Friday, December 4, 2009

Things We Lost in the Fire

Tomorrow you will be one month old, Amari. You are teaching me something new every day - about myself, about parenting, and about the world.

Parenting feels very Zen, with experience being more important than knowledge, and flexibility more useful than structure. No amount of reading or listening to others could have prepared me as well as the last thirty days of hands-on fathering. The following are some observations I've made along the way which, much like the family photo albums I would rescue first from a house fire, may not mean a thing to anyone else.

1. The Secret Formula: Sorry - there isn't one. When I asked one of the teachers from my counseling program how I could tell what qualified as an intervention in therapy, he said, "If it works, it's intervention. If it doesn't it's information." The same has been true for parenting, and while I've discovered some very useful interventions that work with Amari, I've also collected a boatload of information along the way. Who knew that the theme song to "Greatest American Hero" would be so comforting in the face of intestinal distress? The sad truth is that what is an intervention today may just be a piece of information tomorrow.

Something I've noticed about myself is that when something does work, I then have a tendency to sell it as fact. The truth is, I've read one whole and a few half books on parenting and I've been lucky - their techniques have worked like a charm, sparing Carrie and I of countless hours of screaming and crying - mostly by us. Had I read a book on trephining in early infancy, I'd probably be preaching about that, too. That's ancient medical talk for drilling holes in the skull for those of you who didn't do a junior high report on neolithic cures for epilepsy.

2. Single Parenting Rock Stars: I am completely in awe of those who do this by themselves. I know it's rarely a choice, and they deserve all the praise and admiration in the world. In our most difficult moments, Carrie and I find comfort in each other, in our ability to do this as a team. We've had several conversations where we said, "I don't know how the hell single parents do this." The baby carriers alone feel like a freakin' IQ test, and it takes a village just to assemble some of them. I know for a fact that any sanity I have left is thanks to our ability to take turns and give each other a break.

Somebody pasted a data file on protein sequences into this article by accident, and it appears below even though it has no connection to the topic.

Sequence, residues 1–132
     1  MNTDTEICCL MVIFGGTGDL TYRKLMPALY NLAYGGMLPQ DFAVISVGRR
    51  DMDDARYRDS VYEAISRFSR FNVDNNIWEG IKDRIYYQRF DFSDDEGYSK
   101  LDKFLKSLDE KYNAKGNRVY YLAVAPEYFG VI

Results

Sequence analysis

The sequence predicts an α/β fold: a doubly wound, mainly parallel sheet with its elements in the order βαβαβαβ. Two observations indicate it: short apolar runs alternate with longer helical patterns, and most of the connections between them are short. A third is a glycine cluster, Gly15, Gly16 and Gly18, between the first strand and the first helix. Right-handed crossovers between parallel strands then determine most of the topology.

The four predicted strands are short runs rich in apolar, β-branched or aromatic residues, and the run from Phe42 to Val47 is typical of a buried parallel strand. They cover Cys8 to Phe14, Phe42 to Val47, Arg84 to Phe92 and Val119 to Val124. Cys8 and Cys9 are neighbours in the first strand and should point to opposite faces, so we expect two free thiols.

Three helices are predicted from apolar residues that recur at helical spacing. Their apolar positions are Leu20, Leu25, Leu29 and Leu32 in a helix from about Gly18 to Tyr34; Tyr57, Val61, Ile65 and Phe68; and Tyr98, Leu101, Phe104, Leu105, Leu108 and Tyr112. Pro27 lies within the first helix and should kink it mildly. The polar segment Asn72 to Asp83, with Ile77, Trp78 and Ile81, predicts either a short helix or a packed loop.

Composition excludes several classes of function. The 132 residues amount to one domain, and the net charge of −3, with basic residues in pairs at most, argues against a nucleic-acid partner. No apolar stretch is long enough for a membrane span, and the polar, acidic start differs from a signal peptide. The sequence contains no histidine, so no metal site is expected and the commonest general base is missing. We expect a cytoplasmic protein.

In a wonderful article she wrote for an on-line mamazine (, my friend Renee shared, "My first reaction when I see new moms is to take that baby gently from them so they can go lie down and take a nap. It's selfish because I crave a baby in my arms again, but it's also because I know how hard being a new mom can be. My greatest hope for any mother is that she has people to take care of her. We all deserve it." As a dad, that goes for us, too. If you have any friends who are new parents - especially single ones - take a moment to make them a meal, do their dishes, clean their house, do their taxes, or just let them breathe without thinking of someone else first.

3. Death and Birth: When my mom died three years ago I remember thinking, "Man, this is the most unique thing that happens to everyone." It was surreal. My mom was gone forever, and although the world had changed completely in my eyes, it just kept on spinning like it always had. People felt uncomfortable, they didn't really know what to say, so they offered apologies, condolences, and other social platitudes. I received cards and phone calls, and for a while I was the center of a nervous, uncomfortable attention. I'm not sure how else to describe it, but it passed, time passed, people forgot - but I was still left with the reality that my mom had died. Initially, not a day passed that I didn't miss her, but eventually those days did come, one at a time, then a few in a row, and eventually I began to heal, to live with the reality that this was my new life.

Having a child is another unique experience that happens to almost everyone. Don't get me wrong, it's way better - nobody has death showers with adorable gifts - but it's also surreal and comes with a feeling that the world has changed completely but nobody else has really notices. Not really. This time people feel more comfortable, the attention is more celebratory and the phone calls and cards are infinitely cuter. The world just keeps on spinning, only this time the Universe has left someone with us forever rather than taking someone away. Time is passing, and the reality settles in a little more each day. Initially, there were moments during the day that I would forget that I was a dad, then I'd look over at Amari, quickly remember, and be filled with a deep joy and fear. Now I rarely forget I'm a father, but I do notice moments where I have grumpy, childish thoughts like, "God dammit, I need a break. I just want some time to myself" as though I could wish this away for the length of a workout or a basketball game or a cup of coffee. These thoughts are honest and they pass quickly, which also feels like I'm healing and learning to live with this reality that is my new life.

I intended this to be a list of ten, but the reality I'm living with right now is that Amari needs a shower so we can go to a birthday party this evening. Any other observations I have have may actually be lost in the fire I call my short term memory.

1 comment:

  1. This blog is very good, Isaac. I love it. I never had children, and it's fun to learn about how it is for you. Much love and luck to you all.